Joanna (Katherine Ross) reluctantly moves with her husband and children from New York City to the suburban community of Stepford, Connecticut. But when life in Stepford begins to seem too perfect, Joanna and her new friend Bobby (Paula Prentiss) investigate a mysterious conspiracy among the town’s husbands. Are the suburb’s women happy to be vapid homemakers or is there a more shocking secret behind the domestic perfection of The Stepford Wives?
The Stepford Wives remains a legendary combination of chilling chauvinist horror and savage social commentary. Peter Masterson, Tina Louise, Nanette Newman and Mary Stuart Masterson (in her film debut) co-star in this controversial cult thriller based on the best-selling novel by Ira Levin (author of Rosemary’s Baby).
eyelights: its central conceit. its subtly eerie quality. Paula Prentiss. its satirical quality.
eyesores: the impossibility of its great reveal.
“If I am wrong, I’m insane… but if I’m right, it’s even worse than if I was wrong.”
‘The Stepford Wives’ is a subtle chiller based on the satirical novel by Ira Levin, author of ‘Rosemary’s Baby‘. It takes place in the fictional town of Stepford, where all the men are schlumpy but all their wives are pristine, perfect and subservient. There’s something not quite right in Stepford, but it’s not clear exactly what.
Joanna is about to find out.
She and her spouse, Walter, have moved to the community from New York so that their family can have a little bit of quiet. But it won’t take long before she begins to pick up on some of the community members’ strange behaviour. With her new friend Bobbie, also a NYC expat, she will try to get to the heart of Stepford.
Released in 1975, the picture was a flop upon release, but it became a cult favourite through the years. Interestingly, despite its lack of commercial success, it was followed-up with three sequels/spin-offs in 1980, 1987 and 1996, as well as a remake in 2004. All were widely panned, but are indicative of its compelling concept.
The picture had its fair share of controversies, with well-documented tensions building between the screenwriter and director when the latter decided to cast his spouse in a major role (thereby changing the original intention of the picture, which was to make all of the Stepford wives short-skirted centerfold types).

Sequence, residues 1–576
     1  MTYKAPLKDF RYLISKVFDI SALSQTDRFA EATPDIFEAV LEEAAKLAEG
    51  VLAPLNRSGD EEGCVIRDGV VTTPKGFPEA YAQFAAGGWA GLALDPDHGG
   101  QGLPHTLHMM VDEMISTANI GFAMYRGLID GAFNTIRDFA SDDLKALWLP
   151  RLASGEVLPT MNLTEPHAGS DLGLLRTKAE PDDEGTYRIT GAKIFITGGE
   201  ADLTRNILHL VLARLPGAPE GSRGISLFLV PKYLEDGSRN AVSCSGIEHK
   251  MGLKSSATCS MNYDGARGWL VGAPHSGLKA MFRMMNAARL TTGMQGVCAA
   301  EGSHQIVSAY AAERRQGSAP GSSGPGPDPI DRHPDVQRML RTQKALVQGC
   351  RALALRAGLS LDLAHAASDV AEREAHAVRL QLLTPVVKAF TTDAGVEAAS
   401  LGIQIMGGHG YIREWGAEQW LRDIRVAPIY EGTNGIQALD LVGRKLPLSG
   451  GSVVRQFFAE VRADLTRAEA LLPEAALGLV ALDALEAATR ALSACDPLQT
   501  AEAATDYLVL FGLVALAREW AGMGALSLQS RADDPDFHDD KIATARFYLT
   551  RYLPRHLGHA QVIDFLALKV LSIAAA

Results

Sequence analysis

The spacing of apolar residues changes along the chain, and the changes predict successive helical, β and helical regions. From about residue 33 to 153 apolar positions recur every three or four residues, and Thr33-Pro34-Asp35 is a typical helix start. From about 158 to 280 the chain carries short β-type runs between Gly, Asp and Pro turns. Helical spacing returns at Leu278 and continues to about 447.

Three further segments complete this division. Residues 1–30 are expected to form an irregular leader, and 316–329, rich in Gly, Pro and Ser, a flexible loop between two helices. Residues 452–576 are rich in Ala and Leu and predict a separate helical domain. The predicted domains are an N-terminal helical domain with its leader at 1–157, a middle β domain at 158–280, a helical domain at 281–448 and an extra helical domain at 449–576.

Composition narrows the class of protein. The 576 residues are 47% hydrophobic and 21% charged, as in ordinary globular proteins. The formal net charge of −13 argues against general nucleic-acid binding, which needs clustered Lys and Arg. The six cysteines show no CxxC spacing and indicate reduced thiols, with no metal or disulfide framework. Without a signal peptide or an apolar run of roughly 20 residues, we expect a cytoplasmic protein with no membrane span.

It was meant to be a satirical picture, but it incensed feminist groups, who declared it a woman-hating picture. It’s hardly surprising, because it revolves around a community led by men, who conspire to make the women pliant to their desires and needs – independent women arrive and try to change things, but are soon mollified.
Personally, I don’t see it as a sexist picture. If anything, I see it as a horror film: behind its veneer, Stepford is a meat grinder, churning out cookie-cutter dolls – not women. It’s scary, dystopic. It’s the wet dream of men who are against women’s lib, and a nightmare for women-lovers. If anything, it’s a creepy social commentary.
In fact, I think it’s an important film, because it discusses free will, gender roles and social expectations by highlighting the absurdity of traditional models. It even paints the men as losers. It’s quite the reverse of what critics were saying: it’s not a woman-hating film – it openly mocks these male fantasies.
The picture would indeed have been more effective if the women had all been prototypical model types, if only because it would have enhanced its absurd nature. It might even have made of it a box office success, what with all the eye candy. But I feel that it also works here; these women are these men’s ideals.
Where it doesn’t always work is in the casting of the leads. I just didn’t buy Katherine Ross and Peter Masterson: she is so slumming it it’s beyond words. Why in the world would she be with this loser? And why would she be subservient to him, given that she has a strong personality and has even dabbled in women’s lib before?
Neither are stellar actors, either; some moments were spoiled by poor acting choices (of course, it’s likely the director had something to do with it). It’s interesting to note that Ross was hardly the first choice for the part: many actresses were attached to picture, including Diane Keaton, who bowed out just before signing on.
The best casting choice was Paula Prentiss as Bobbie. Although her performance is uneven, she brought vibrancy and feistiness to the part; she transformed the character into a strong female role model, not just a sidekick. In fact, without her, I suspect that the duo of Joanna and Bobbie would have felt slightly bland, anemic.
Where the film trips up is in the great reveal (which I won’t discuss here): it’s simply not credible by any standard. But, if one considers that the picture is meant to be satirical, then the impossibility of what’s going on in Stepford is irrelevant. In fact, it may even accentuate its main point. In that sense, I think that it works rather well.
What’s interesting to note is that Ira Levin wrote another story about a housewife who is subjugated by her spouse in ‘Rosemary’s Baby’. Both are thrillers, too, with the men being portrayed as conspiring villains. I don’t know much else about Levin, but I wonder what was going on with him that inspired these horrific tales.
Whatever the inspiration might have been, his ‘The Stepford Wives’ has left an indellible print on pop culture. Aside for the many interpretations of his novel, the term “Stepford Wives” is now used to mock the cult of domesticity, or any arrangement that sees independent women turn to servitude. And that’s worth something.
“I’ll just die if I don’t get this recipe. I’ll just die if I don’t get this recipe. I’ll just die if I don’t get this recipe.”
Anything that can prevent it from happening again is a massive contribution to society, in my estimation.
Date of viewing: February 27, 2015